California is in the midst of a severe housing shortage. With options limited and prices skyrocketing, the legislature in 2019 passed a slew of reforms making it easier for homeowners to build accessory dwelling units, or ADUs, on their properties.
Additional Dwelling Units (ADU)
ADUs are small homes located on the same lot as an existing single- or multi-family home, such as a garage apartment, a basement unit, or a backyard cottage – think of Fonzie’s apartment above the Cunninghams’ garage in Happy Days.
While many of these reforms were initially passed in 2016, they loosened restrictions even further in 2019 and went into effect on January 1, 2020. In the years since the laws have been relaxed, California has already seen a steady increase of affordable housing options.
To put these reforms into perspective, in 2012, only 158 ADU permits were issued state-wide. In 2014, that number rose to 728. In 2019, after the easing of strict regulations, 14,702 permits were issued. That number is only going to rise as more people begin applying for permits under the new law.
By streamlining and simplifying the process for creating these ADUs, which the legislature considers an “essential component of California’s housing supply,” the state is starting slowly but surely to tackle its unprecedented housing crisis.
California’s regulatory regime has earned itself a Kafkaesque reputation for being absurdly difficult to navigate. But the new law is a breath of fresh air, designed to make the construction or conversion of ADUs simple, speedy, and inexpensive—a much-needed change during this time of crisis.
While the state law empowers homeowners, it does allow local governments some leeway to implement their own design standards by passing an ADU-specific ordinance, provided that they stay within the state-mandated parameters.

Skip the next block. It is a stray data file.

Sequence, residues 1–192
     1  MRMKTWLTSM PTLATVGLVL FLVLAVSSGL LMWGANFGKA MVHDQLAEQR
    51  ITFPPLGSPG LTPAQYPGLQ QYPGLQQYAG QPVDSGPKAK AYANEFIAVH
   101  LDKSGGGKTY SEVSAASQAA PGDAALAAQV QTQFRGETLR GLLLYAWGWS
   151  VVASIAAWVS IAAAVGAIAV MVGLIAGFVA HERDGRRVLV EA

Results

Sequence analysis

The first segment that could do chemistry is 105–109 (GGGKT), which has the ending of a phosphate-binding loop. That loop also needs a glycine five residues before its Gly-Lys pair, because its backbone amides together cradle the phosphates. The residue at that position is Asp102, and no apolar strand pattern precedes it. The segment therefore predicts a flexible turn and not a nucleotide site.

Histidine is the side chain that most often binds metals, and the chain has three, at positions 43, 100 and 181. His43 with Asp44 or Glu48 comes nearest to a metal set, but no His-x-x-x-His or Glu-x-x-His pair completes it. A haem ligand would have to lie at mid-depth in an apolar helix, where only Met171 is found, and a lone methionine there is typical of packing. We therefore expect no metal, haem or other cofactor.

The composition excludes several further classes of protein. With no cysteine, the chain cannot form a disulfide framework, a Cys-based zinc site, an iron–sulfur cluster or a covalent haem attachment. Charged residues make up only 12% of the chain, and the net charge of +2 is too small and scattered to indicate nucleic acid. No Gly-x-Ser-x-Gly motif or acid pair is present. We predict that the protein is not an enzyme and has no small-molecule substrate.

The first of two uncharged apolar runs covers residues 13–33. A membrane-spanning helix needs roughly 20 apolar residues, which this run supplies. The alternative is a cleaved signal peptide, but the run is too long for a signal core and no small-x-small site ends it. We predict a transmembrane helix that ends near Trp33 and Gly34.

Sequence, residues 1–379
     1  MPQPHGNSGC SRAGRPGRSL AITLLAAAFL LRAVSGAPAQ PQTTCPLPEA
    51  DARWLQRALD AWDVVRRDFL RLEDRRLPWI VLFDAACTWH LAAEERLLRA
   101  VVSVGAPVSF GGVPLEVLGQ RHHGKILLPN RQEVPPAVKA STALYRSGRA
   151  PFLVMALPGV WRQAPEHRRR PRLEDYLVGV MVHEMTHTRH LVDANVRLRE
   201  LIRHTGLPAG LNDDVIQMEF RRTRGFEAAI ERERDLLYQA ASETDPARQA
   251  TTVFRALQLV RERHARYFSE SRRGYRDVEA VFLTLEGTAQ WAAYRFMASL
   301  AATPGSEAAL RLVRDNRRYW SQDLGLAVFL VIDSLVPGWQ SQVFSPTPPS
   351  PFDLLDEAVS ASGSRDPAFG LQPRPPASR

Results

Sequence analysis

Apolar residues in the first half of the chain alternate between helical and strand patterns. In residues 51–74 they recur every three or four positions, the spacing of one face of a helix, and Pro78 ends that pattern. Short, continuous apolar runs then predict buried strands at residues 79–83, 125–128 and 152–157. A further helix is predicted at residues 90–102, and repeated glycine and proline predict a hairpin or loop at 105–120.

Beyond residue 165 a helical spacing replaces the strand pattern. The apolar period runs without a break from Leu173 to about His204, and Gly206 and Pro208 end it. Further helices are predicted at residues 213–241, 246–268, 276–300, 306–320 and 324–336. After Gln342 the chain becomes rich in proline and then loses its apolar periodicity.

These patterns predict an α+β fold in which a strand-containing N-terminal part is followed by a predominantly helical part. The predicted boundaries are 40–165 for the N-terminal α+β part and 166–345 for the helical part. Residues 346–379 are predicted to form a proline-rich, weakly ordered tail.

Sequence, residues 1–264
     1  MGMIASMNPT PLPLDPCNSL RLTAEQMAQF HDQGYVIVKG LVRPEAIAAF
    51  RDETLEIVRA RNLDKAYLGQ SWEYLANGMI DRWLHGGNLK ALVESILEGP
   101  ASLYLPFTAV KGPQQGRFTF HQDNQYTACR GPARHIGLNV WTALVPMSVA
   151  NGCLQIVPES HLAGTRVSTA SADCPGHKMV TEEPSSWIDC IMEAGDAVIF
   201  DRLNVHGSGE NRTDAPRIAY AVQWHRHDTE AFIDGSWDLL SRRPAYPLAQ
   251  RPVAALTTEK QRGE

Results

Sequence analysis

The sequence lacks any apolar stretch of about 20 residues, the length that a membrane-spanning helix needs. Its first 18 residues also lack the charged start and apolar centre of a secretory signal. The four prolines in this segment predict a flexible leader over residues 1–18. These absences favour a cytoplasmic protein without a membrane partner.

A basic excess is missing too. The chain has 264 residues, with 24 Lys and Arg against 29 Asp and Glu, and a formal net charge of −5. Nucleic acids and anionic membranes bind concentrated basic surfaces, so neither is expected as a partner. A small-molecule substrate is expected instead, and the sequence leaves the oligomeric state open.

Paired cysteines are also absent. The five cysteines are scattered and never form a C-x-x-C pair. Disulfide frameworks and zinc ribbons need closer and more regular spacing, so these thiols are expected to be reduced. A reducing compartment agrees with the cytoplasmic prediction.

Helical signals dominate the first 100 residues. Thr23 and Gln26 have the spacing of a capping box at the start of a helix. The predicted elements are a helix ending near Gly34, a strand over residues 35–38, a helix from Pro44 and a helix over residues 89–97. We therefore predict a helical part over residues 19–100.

For example, a local government could pass an ADU ordinance regulating the height of newly constructed units but can’t impose a maximum of less than 16 feet. Local governments that have not yet promulgated their own ordinances regulating ADUs are limited to reviewing proposals under the bare standards set out in the state law.
The law also sets out several types of ADUs which must be categorically permitted, regardless of local law. It also mandates that local governments review all ADU applications within 60 days, allowing homeowners to get to work quickly. And review must be objective—so long as the applications comply with the applicable standards, the permitting agency must approve. Discretionary considerations, like whether a proposed project is consistent with neighborhood character, are off the table.
City Governments Interfere
Unfortunately, this hasn’t stopped some city governments from dragging out the permit process.
Given the crisis at hand, one might think that cities would be eager to help expedite the creation of new housing. But NIMBYism—the tendency of incumbent property owners to support new development only as long as it is “Not in My Backyard”—has reared its ugly head in cities across the state.